Play Misty for Me (1971)

Play Misty for Me is Clint Eastwood’s debut in directing. It really is the pre-cursor to Fatal Attraction (1987). Just as Fatal Attraction does, this film did freak me out a little. Eastwood plays a DJ who has an obsessed fan, who always requests he plays ‘Misty’ for her. Eastwood mets the fan, Evelyn, at a bar one night. One thing leads to another and they end up going home together. It starts out innocently, but she continues to become more obsessive and more malicious.

For a low-budget movies, it certainly packs a punch. It has a great screenplay and creates tension perfectly. Another attraction of the film is the setting. It is set on the California cost and reminds me of how Vertigo (1958) uses the Californian coastline to create terror and unease. It also has parallels to Psycho (1960)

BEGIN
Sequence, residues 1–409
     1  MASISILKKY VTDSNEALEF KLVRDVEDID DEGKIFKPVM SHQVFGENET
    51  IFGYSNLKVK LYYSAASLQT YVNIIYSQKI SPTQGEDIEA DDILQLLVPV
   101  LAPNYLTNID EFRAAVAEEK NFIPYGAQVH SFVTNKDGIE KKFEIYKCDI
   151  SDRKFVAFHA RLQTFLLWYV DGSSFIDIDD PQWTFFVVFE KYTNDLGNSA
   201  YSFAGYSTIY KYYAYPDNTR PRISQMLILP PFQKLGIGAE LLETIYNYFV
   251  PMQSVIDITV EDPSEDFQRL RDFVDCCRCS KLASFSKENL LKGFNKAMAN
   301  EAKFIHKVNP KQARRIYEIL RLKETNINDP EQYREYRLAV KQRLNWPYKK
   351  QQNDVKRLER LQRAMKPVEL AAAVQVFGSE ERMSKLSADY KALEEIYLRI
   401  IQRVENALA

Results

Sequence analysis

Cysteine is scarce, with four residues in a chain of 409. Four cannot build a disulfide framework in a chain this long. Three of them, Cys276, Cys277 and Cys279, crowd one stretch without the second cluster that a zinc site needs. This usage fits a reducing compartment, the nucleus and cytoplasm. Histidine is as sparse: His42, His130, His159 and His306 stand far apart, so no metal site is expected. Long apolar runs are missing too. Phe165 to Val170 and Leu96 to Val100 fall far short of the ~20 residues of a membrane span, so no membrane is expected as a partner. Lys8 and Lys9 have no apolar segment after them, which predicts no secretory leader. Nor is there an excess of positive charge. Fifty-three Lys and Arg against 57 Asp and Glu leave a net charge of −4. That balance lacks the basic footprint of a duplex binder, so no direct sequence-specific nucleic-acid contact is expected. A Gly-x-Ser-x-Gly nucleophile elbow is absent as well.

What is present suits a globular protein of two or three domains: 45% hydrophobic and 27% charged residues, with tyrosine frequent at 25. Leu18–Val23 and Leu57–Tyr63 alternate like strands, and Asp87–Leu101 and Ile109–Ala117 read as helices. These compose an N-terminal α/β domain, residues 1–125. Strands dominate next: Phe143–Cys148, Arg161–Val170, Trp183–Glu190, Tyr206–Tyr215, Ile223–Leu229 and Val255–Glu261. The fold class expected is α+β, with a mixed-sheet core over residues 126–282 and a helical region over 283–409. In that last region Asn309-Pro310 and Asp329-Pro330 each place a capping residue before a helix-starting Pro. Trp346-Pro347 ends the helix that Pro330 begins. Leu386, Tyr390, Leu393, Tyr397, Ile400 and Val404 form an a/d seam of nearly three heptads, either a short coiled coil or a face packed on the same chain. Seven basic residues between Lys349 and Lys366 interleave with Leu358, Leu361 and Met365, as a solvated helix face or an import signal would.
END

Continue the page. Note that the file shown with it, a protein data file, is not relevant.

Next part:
You can see from this film why Clint Eastwood has become one of the most popular directors of his time. It is an engaging story, fast-paced but it is not rushed. I would say this could be directly attributed to Eastwood’s on-set manner. You can see his patience in this film. He does not rush to create tension, the patience creates this by itself. Great to see how Eastwood’s directorial career began. He’s obviously doing something right to have, not only been in the film business, but at the top of his game for such a long time.

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Call Me by Your Name (2017)